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Restoring the Greater Everglades Ecosystem

  1. Madeline Fisher
  1. Science Communications Manager for ASA, CSSA, and SSSA

Illustration courtesy of Thinkstock/Val_Iva


This article in CSA NEWS

  1. Vol. 59 No. 2, p. 4-11
    unlockOPEN ACCESS
    Published: February 3, 2014

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Pelican photo courtesy of Thinkstock/kojihirano


In 2003, Todd Osborne was presented with an “opportunity,” he quips: the chance to collect the samples for a soil map of all five million acres of Florida’s southern Everglades. Osborne was a University of Florida graduate student at the time, and his adviser, Ramesh Reddy, had funding with Sue Newman of the South Florida Water Management District to conduct the sweeping project. Now Reddy needed the labor, so Osborne spent the next nine months flying by helicopter “everywhere, I mean everywhere” in the southern Everglades, he says: from the Loxahatchee wildlife refuge in the north to Everglades National Park at Florida’s tip.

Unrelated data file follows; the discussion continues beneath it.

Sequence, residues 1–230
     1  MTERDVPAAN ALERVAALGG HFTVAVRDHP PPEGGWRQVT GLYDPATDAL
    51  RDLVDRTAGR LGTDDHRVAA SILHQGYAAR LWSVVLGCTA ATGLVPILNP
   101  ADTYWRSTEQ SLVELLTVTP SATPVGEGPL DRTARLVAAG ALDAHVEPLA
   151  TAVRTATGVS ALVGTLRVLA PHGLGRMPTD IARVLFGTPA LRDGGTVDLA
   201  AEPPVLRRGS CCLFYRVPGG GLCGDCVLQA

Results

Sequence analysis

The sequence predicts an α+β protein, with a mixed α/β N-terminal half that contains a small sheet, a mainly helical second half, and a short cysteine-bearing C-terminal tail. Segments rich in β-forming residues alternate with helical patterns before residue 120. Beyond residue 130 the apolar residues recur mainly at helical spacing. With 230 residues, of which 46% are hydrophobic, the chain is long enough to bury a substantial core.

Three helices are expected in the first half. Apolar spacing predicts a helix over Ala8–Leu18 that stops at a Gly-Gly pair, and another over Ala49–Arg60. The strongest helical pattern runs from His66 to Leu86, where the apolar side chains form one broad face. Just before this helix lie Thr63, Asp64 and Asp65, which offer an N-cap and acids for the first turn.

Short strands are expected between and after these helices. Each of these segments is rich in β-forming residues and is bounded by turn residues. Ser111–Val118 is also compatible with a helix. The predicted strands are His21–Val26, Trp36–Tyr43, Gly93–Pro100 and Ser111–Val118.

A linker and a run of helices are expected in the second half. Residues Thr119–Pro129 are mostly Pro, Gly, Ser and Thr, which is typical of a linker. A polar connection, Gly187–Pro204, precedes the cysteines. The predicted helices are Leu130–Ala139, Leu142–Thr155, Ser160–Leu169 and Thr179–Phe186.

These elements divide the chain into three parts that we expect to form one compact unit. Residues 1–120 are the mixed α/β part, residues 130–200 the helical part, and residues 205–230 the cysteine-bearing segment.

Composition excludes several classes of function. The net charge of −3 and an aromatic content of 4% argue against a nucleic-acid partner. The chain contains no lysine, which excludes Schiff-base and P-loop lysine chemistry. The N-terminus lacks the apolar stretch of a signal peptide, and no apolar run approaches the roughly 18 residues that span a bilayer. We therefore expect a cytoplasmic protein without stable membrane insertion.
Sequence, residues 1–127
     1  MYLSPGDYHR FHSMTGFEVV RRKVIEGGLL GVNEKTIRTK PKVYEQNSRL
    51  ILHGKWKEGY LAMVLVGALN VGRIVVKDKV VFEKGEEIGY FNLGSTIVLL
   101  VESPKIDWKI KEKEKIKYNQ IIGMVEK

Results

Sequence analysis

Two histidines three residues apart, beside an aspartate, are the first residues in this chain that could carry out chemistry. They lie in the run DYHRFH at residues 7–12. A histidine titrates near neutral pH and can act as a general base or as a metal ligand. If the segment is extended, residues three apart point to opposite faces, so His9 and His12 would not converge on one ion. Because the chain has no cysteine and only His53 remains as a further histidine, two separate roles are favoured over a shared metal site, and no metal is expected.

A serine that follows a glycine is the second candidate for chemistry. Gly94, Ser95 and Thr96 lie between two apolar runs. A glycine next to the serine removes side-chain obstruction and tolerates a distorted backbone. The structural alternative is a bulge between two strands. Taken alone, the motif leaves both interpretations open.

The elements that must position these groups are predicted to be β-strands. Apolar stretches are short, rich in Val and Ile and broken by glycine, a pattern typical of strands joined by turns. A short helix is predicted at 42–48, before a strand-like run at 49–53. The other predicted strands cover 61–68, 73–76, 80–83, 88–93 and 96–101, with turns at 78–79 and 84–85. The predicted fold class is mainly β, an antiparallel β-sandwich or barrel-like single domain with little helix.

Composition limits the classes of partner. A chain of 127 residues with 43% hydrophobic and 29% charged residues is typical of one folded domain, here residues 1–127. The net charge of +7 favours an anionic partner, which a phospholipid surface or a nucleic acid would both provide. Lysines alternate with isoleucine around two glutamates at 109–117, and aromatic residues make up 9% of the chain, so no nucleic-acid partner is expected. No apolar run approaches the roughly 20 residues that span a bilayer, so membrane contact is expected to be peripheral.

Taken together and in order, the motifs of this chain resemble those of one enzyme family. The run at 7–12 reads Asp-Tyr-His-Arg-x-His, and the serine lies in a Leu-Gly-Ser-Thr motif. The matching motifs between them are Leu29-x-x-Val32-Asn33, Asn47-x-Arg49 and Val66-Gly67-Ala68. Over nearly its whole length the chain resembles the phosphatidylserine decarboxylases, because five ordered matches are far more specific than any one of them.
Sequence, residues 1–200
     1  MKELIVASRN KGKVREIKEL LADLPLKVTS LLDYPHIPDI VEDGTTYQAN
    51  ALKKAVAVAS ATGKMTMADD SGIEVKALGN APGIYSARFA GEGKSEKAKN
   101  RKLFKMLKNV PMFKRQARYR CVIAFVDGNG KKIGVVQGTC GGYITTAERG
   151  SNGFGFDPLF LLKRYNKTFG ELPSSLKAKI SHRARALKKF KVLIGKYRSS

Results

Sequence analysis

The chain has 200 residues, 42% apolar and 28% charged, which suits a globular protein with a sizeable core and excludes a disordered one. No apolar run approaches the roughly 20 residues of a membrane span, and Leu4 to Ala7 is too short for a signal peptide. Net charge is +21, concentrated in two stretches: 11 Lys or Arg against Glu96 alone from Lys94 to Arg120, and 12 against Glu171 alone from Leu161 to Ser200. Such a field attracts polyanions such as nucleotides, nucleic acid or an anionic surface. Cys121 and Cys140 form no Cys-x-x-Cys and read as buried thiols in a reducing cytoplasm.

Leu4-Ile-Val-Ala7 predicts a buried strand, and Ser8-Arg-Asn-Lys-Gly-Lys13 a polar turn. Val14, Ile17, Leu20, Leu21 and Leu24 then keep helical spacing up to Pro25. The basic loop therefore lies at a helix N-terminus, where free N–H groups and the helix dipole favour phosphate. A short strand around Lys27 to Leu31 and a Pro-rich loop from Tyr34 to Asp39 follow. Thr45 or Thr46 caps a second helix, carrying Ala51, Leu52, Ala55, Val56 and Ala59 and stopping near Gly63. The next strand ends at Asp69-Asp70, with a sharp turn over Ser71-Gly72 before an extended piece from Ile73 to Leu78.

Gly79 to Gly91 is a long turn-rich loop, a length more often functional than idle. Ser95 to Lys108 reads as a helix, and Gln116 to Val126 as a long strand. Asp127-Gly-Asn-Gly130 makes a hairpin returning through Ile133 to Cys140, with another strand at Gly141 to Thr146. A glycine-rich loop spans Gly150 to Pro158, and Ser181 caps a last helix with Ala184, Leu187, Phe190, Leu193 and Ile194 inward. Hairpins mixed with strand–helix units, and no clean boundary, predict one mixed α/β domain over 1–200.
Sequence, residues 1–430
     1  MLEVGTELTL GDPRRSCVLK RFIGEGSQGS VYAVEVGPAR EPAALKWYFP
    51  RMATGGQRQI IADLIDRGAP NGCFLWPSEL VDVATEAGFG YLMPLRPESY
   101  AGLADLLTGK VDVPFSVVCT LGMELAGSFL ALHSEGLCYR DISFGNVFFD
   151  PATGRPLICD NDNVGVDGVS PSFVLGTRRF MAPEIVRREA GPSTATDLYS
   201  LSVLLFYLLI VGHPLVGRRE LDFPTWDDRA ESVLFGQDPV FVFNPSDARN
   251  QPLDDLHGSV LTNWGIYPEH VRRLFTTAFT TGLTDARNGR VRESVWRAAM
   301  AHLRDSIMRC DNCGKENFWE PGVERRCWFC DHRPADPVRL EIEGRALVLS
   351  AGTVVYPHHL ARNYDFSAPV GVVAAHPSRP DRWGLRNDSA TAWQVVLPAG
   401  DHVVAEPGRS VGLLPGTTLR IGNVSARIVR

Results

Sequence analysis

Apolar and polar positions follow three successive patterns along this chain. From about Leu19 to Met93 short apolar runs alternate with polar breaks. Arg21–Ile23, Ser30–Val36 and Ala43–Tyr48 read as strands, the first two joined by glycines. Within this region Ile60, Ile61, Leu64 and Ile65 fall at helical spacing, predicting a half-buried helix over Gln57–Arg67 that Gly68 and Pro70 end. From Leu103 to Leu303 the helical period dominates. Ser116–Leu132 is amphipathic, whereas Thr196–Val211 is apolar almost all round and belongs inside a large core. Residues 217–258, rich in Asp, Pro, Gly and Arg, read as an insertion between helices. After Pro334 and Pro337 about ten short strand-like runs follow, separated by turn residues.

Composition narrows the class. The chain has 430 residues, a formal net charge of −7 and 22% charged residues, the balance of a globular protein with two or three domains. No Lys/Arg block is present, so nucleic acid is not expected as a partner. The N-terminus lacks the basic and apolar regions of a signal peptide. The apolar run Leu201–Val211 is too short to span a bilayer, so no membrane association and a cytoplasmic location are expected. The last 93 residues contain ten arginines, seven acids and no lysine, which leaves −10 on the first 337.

Todd Osborne collecting samples in the Everglades.


He retrieved soil from 1,356 locations in all, gaining along the way a perspective on the ecosystem that other researchers might acquire only after decades. Then the lab work began. Samples were analyzed for an all-inclusive list of properties, including carbon, nitrogen, phosphorus, and other nutrients; contaminants, such as mercury; and a host of physical parameters. Afterward, these point data were woven together by a team of collaborators into a full-scale map of the Everglades landscape. Many reports and scientific publications followed. The work was intensely rewarding, but also exhausting. “It’s been almost 10 years, and it seems like yesterday. I’m still tired,” Osborne says with a laugh.

Joking aside, the scope of the effort underscores the deep concern among government agencies, conservation groups, scientists, and the public about the fate of the greater Everglades ecosystem and how desperately people want to see it restored. Once a vast, free-flowing “river of grass” stretching from the Kissimmee Chain of Lakes near Orlando down through central Florida’s Lake Okeechobee and into the southern Everglades, the same lands and waterways are now drained, diked, compartmentalized, and controlled. As a result, areas like Everglades National Park receive too little water. Others, such as Lake Okeechobee, get far too much. And nutrients abound most everywhere, driving wholesale changes in plant communities, aquatic life, and wildlife populations.